Iron Will by James Maxwell #GuestPost #BlogTour

War has come to Xanthos. Across the sea, the insane King Palemon’s lust for gold has driven him to build an army of dragons that will soon destroy everything in their path. Neighbouring royalty, Prince Dion and Princess Chloe, refuse to be helpless pawns in a clash of nations, and strive to bring their kingdoms together to fight this impending threat. When they find themselves hopelessly outmanned and outgunned, their only hope is to go in search of the secretive and powerful race of shapeshifters called the Eldren who have long since disappeared into the mysterious Wilds.

 All the while, an ancient, terrible power rises from the ashes to once again claim all-consuming power and domination over Xanthos. The world faces a war to end all wars, and enemies once fighting over gold must now become allies to face this rising evil, less everything they hold dear be destroyed and their whole world be plunged into darkness.

 As a world-spanning conflict begins, a king is betrayed, a prophecy is …

Book Review: Life Knocks by Craig Stone

 According to the blurb Life Knocks is about "when love goes wrong and forces a recluse to live with an old man who has boundary issues." Not a lot to go on then but it was shortlisted for the Dundee International Book Prize and I like to support indie authors so I thought I'd give it a go.
There are some books that have me hooked from the first page, others take a while longer and I dip in and out for a bit until one day I realise the ten minute read before I start the dinner has turned into an hour and I've forgotten to feed the children. Life Knocks was that sort of book for me.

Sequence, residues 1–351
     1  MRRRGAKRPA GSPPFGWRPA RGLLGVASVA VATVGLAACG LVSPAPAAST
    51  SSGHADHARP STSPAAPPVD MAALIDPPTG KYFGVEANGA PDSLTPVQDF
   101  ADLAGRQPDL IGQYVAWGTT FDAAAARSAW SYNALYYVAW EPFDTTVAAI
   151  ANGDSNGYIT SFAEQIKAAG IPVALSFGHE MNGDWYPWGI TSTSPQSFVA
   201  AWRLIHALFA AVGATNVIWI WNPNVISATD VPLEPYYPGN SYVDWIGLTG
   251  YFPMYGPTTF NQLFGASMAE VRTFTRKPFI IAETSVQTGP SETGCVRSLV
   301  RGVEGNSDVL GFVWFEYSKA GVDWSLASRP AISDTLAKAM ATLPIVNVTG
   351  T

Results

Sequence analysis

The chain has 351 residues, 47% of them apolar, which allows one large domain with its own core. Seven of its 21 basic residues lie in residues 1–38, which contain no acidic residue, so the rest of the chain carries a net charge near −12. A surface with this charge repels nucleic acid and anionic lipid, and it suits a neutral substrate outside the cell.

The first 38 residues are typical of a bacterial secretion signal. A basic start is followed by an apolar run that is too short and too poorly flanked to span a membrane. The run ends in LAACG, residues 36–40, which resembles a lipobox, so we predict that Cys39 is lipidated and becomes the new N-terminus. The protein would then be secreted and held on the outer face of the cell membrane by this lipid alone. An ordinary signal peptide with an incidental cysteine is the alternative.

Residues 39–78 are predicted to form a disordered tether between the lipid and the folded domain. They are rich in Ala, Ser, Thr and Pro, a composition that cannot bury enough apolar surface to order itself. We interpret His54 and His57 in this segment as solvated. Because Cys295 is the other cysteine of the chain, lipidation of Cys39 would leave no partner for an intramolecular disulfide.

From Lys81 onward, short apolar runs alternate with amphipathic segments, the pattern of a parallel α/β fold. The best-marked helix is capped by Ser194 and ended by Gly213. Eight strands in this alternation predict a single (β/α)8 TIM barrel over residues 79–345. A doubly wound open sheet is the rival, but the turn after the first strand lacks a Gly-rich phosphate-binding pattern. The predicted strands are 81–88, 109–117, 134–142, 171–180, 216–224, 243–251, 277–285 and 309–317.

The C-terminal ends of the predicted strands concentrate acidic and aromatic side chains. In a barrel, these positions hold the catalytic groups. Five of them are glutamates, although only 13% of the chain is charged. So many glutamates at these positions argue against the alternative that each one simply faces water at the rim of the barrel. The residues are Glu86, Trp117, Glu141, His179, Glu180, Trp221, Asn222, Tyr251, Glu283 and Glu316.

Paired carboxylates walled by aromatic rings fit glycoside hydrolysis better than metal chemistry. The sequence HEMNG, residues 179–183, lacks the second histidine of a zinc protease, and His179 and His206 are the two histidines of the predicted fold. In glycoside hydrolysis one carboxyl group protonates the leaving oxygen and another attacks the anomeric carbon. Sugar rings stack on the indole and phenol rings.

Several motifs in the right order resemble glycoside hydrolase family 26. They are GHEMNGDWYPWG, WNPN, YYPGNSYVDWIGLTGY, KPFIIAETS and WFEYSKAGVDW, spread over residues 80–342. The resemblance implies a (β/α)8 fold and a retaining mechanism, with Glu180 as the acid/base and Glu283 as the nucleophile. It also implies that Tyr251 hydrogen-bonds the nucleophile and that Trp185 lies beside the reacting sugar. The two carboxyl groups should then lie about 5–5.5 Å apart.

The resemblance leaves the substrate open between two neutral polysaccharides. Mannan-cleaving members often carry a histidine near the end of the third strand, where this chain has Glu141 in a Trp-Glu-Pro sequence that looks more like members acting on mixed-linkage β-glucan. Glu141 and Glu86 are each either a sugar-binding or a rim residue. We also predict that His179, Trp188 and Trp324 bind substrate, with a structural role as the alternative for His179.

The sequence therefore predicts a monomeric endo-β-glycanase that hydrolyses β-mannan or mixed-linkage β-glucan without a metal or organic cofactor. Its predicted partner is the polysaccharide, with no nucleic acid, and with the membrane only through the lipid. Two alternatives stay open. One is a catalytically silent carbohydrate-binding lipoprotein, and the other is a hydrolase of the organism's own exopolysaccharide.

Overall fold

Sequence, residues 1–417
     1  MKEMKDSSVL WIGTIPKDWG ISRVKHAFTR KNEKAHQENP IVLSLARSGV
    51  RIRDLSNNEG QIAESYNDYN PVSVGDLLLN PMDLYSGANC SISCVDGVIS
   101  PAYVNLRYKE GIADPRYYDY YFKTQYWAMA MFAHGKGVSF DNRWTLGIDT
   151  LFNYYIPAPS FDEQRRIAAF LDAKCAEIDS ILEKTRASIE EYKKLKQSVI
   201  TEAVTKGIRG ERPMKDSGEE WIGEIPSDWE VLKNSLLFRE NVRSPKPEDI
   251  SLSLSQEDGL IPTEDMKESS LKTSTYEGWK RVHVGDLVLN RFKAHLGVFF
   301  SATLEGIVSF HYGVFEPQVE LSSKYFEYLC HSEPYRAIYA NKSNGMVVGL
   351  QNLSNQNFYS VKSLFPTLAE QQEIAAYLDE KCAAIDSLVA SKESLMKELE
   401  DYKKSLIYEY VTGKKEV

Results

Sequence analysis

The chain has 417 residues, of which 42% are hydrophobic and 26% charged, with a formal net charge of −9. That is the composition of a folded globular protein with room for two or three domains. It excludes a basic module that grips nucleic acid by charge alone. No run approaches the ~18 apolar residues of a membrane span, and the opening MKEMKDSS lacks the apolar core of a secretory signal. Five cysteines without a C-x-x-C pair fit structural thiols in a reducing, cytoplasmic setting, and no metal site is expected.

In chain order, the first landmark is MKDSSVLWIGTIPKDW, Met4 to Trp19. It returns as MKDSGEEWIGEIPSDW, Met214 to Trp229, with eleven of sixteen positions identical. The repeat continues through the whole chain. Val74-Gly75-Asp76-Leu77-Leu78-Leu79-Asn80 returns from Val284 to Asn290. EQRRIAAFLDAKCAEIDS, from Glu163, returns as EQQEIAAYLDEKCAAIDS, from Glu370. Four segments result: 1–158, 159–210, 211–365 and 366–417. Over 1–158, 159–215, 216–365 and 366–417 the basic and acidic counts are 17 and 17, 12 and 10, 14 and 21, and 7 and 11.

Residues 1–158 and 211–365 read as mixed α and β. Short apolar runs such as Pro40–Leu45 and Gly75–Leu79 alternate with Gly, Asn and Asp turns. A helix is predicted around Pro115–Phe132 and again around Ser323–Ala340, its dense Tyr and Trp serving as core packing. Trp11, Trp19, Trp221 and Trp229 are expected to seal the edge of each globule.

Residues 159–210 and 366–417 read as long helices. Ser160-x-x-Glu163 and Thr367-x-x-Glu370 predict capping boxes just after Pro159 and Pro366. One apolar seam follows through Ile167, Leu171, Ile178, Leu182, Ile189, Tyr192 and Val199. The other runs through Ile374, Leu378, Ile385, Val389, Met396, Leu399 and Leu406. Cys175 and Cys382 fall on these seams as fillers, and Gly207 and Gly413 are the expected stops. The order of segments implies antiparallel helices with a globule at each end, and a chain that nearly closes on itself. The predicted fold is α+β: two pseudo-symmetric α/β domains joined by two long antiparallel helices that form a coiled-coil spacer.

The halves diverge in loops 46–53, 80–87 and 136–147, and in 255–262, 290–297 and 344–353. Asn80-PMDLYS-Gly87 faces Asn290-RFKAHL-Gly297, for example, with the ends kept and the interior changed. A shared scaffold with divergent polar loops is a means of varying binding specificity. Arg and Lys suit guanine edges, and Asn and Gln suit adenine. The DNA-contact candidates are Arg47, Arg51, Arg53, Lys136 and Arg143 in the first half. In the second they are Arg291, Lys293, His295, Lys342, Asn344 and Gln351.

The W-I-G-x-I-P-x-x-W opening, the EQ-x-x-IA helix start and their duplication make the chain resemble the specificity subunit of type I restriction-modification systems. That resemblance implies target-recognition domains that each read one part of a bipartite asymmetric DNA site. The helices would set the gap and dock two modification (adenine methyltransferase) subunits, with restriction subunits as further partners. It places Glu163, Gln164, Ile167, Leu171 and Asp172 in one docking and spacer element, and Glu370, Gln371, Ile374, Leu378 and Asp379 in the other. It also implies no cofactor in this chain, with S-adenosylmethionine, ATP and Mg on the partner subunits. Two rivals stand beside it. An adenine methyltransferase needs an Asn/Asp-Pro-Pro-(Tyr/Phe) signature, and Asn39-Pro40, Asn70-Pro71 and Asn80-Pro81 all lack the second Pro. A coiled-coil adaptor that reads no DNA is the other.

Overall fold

Craig Stone has a quirky style of writing with a particularly unique eye for an unusual metaphor; "Love is a bath of beans with a pig dressed as a clown and a naked farm girl; pretty much amazing when you get over the shock." This is a book that is far more than its metaphors though. With any character driven book it's vital that I engage with the main protagonist and I soon warmed to Colossus Sosloss (really!). There were times I wanted to shake him, to tell him to shut up or to speak up but throughout the book I cared about what happened to him. The other characters too were sympathetically written, even the racist, sexist, homophobic landlord, Mohammed has moments where I felt real warmth towards him.
The book swaps between the past and present (I seem to have read a few books like this recently) and sometimes with a switching narrative I find I'm more interested in one period than the other. Not so with Life Knocks, I was as captivated by Colossus' past as his present and following his journey to discover how one led to the other was a fascinating, hilarious, tear jerking yet uplifting rollercoaster of a read.
If you like contemporary fiction that doesn't pull any punches then I think you'll find Life Knocks a refreshing read. I know I did and am looking forward to reading the sequel, The Squirrel that Dreamt of Madness (actually published before Life Knocks) very soon.

Life Knocks is available on, and